Grandi Vini: An Opinionated Tour of Italy's 89 Finest Wines
For an introduction to Italian wine, Vino Italiano: The Regional Wines of Italy, by Joseph Bastianich and David Lynch, is a good choice. Once one has read that book and has a sense of the different regions of Italy, the next choice would be Gambero Rosso’s Italian Wines, which comes out every year and reviews about 18,000 wines and over 2,000 producers, and which is arranged by region. But if one finds the scope of that book daunting, and even the 391 wines that Gambero Rosso rates highest too many to choose from, then Joseph Bastianich’s newest book, Grandi Vini: An Opinionated Tour of Italy’s 89 Finest Wines, is a good way to narrow down Italian wines to seek out.
Grandi Vini is also arranged by regions, and Bastianich manages to find at least one wine to like from almost all of the regions—only Calabria and Molise are left out. Still, 43 of the 89 wines are from two classic regions, Piedmont and Tuscany, allocating the other 46 wines to 17 other regions.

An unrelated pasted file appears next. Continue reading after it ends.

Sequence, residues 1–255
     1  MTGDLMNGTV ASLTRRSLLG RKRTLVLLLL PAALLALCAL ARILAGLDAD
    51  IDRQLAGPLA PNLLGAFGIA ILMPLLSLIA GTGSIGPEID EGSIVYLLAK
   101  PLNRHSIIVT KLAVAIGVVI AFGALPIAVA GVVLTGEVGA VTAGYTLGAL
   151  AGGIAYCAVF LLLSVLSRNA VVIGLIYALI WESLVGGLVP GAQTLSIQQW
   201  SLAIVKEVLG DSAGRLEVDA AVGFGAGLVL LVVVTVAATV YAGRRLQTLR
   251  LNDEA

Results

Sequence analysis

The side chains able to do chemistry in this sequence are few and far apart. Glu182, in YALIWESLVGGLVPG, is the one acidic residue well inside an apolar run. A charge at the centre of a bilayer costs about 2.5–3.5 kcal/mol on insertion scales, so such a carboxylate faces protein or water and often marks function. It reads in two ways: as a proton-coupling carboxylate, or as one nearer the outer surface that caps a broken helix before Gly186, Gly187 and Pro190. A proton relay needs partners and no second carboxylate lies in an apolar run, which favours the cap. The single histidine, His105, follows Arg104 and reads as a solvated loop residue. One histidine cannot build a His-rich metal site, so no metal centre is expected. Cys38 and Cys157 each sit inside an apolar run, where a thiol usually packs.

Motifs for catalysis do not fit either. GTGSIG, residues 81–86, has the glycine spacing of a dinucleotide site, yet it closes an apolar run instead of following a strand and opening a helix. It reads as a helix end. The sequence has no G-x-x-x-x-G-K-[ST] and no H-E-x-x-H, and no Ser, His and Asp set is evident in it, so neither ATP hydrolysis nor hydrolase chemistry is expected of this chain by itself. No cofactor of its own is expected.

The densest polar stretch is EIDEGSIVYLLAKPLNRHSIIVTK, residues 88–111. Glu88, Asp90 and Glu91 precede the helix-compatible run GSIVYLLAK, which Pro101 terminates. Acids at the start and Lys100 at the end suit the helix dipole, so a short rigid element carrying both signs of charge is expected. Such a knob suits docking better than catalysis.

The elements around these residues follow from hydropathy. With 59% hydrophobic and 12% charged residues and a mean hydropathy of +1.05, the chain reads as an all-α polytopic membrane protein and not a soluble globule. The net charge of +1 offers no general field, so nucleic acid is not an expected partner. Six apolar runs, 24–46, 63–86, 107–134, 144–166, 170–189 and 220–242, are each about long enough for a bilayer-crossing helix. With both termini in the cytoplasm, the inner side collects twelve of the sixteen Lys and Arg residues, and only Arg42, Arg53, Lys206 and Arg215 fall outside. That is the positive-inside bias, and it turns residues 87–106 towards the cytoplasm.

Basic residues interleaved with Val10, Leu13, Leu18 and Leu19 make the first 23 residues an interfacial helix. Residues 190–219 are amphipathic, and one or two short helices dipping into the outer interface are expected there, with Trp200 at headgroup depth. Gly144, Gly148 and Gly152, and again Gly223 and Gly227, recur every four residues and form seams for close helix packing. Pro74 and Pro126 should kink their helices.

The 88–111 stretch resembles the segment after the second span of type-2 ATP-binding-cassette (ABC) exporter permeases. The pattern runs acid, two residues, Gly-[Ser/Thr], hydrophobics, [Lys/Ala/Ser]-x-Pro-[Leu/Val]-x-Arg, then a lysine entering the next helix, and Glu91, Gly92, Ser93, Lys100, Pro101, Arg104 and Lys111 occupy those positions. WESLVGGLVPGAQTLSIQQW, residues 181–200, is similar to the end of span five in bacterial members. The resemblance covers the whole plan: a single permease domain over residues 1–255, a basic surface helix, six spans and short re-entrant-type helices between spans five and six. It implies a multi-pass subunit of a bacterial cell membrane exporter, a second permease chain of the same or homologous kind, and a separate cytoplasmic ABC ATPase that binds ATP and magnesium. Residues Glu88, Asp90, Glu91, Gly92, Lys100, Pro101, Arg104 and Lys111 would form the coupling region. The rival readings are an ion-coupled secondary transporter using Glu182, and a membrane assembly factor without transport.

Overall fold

The wines that Bastianich has chosen tend not to be cheap. Using WineSearcher.com’s average prices for the most recently available vintages, his wines average $104 each. To buy a case of all 89 wines would cost over $111,000. For all but the very wealthiest of us, some additional narrowing of choices is necessary.
The good news is that 24 of his wines cost less than $50, and 4 cost $25 or less (again, these are simply average WineSearcher.com prices—actual prices do vary considerably). Thus, one can read about the $400+ wines, and then seek out the less expensive ones. Unfortunately, Bastianich does not indicate price levels for his wines, except to occasionally note when a wine is particularly expensive. At least a general range, as he and David Lynch do in Vino Italiano when giving particular wines one, two, or three dollar signs, would have been helpful.